India had 56% of world's new leprosy infections in 2010

July 28, 2012

India accounted for 56 percent of the world's new leprosy infections in 2010 despite declaring itself free of the nerve-destroying disease five years earlier, a report said Saturday.

Of the 228,474 new leprosy cases in the world in 2010, India accounted for 126,800, S.D. Gokhale, president of the International Leprosy Union (India), told the Press Trust of India news agency.

"If the union and state governments do not take serious note of this fact and initiate effective steps to eradicate leprosy, the problem will become more acute," Gokhale was quoted as saying.

Leprosy is a curable chronic infectious disease which mainly affects the skin, , and the eyes.

The bacteria that causes the disease multiply very slowly and the is about five years. Symptoms can take as long as 20 years to appear.

Gokhale, speaking following a three-day meeting of the International Leprosy Union in the western Indian city of Pune, said the leprosy infection figures had been confirmed by India's health ministry.

Explore further: WHO calls for stepped-up fight against leprosy

Related Stories

WHO calls for stepped-up fight against leprosy

February 13, 2012
The World Health Organization called Monday for greater efforts to fight leprosy, warning the disfiguring disease was defying efforts to wipe it out across many countries in the Asia-Pacific region.

WHO warns leprosy spreading in India

August 6, 2011
Six years after leprosy was declared officially eliminated in India, officials and doctors are warning that the disfiguring disease is spreading in poverty-stricken pockets of the country.

Scientists identify novel pathway for T-cell activation in leprosy

March 25, 2012
UCLA researchers pinpointed a new mechanism that potently activates T-cells, the group of white blood cells that play a major role in fighting infections.

Recommended for you

New compound stops progressive kidney disease in its tracks

December 7, 2017
Progressive kidney diseases, whether caused by obesity, hypertension, diabetes, or rare genetic mutations, often have the same outcome: The cells responsible for filtering the blood are destroyed. Reporting today in Science, ...

New Lyme disease tests could offer quicker, more accurate detection

December 7, 2017
New tests to detect early Lyme disease - which is increasing beyond the summer months -could replace existing tests that often do not clearly identify the infection before health problems occur.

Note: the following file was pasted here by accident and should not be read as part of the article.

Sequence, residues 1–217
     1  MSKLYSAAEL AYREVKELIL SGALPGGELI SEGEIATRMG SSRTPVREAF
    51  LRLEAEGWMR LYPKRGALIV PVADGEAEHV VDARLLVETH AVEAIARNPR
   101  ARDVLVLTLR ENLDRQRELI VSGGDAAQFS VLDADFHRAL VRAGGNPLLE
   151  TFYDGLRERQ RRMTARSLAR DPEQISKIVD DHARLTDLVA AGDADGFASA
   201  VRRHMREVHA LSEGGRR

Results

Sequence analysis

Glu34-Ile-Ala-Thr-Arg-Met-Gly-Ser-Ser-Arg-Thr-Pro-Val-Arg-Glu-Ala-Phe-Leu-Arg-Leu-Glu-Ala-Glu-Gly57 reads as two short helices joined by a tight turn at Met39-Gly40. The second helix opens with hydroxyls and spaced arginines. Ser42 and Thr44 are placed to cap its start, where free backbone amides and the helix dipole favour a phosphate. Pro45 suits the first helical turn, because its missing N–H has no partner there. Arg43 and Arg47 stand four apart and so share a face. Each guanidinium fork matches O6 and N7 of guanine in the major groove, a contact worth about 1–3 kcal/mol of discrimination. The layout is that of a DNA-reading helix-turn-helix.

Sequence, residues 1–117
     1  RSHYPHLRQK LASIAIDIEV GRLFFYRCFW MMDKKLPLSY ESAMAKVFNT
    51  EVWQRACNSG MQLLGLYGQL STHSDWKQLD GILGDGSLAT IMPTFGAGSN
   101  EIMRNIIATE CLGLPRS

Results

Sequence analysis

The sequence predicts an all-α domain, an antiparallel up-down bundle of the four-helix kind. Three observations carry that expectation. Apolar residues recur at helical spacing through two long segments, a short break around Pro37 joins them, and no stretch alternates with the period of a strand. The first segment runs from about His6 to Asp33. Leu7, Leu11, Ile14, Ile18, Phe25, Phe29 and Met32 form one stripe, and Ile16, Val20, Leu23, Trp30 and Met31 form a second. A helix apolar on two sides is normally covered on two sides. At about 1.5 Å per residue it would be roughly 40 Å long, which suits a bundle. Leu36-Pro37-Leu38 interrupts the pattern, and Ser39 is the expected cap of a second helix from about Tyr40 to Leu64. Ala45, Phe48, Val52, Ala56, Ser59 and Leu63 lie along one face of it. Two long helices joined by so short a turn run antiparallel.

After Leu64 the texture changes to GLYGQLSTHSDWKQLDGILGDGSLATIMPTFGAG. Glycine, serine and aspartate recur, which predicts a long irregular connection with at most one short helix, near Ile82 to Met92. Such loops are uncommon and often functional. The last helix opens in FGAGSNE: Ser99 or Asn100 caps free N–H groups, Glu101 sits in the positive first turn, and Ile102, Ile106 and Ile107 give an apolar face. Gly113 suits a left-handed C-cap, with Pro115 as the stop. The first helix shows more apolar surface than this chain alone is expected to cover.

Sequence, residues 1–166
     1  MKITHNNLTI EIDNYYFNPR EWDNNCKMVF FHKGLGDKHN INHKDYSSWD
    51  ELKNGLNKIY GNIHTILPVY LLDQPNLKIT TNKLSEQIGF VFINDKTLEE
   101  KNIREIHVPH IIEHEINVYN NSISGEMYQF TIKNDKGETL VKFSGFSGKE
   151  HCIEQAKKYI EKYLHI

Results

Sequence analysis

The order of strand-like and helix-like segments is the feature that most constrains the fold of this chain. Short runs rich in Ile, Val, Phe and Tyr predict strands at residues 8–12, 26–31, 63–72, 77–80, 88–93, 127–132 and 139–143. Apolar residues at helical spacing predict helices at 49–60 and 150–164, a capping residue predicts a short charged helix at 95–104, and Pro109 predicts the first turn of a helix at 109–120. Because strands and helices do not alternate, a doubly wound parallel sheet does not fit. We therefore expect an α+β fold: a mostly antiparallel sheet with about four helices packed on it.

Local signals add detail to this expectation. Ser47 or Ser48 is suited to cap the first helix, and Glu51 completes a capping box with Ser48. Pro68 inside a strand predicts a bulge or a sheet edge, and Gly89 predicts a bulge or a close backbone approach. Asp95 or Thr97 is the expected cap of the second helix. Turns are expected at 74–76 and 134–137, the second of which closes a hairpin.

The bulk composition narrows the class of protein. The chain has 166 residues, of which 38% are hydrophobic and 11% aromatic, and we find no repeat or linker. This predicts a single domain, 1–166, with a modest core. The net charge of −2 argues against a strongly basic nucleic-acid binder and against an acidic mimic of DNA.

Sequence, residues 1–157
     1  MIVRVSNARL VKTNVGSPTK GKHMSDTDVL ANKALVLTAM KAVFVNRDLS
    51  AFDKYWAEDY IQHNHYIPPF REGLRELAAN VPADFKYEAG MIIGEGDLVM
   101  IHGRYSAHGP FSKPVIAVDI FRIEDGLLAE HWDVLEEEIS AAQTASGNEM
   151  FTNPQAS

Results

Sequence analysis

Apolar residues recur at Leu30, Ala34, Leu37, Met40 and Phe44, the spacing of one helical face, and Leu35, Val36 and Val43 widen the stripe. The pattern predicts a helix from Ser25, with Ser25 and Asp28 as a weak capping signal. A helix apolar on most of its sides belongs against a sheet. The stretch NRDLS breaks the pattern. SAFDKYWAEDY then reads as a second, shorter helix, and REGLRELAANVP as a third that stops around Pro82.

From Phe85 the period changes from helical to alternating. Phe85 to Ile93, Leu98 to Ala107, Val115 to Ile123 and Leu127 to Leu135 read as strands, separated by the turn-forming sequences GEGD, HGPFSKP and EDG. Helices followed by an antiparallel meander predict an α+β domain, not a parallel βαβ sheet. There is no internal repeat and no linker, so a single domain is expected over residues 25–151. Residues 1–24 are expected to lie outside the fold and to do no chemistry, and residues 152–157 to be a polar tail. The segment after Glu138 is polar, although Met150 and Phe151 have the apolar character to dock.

Spinal tap needle type impacts the risk of complications

December 6, 2017
The type of needle used during a lumbar puncture makes a significant difference in the subsequent occurrence of headache, nerve irritation and hearing disturbance in patients, according to a study by Hamilton medical researchers.

Men with HPV are 20 times more likely to be reinfected after one year

December 5, 2017
A new analysis of genital human papillomavirus (HPV) in men shows that infection with one HPV type strongly increases the risk of reinfection with the same type. In fact, men who are infected with the type responsible for ...

New tuberculosis drugs possible with understanding of old antibiotic

December 5, 2017
Tuberculosis, and other life-threatening microbial diseases, could be more effectively tackled with future drugs, thanks to new research into an old antibiotic by the University of Warwick and The Francis Crick Institute.

Scientists create successful mass production system for bioengineered livers

December 5, 2017
Researchers report creating a biologically accurate mass-production platform that overcomes major barriers to bioengineering human liver tissues suitable for therapeutic transplant into people.

0 comments

Please sign in to add a comment. Registration is free, and takes less than a minute. Read more

Click here to reset your password.
Sign in to get notified via email when new comments are made.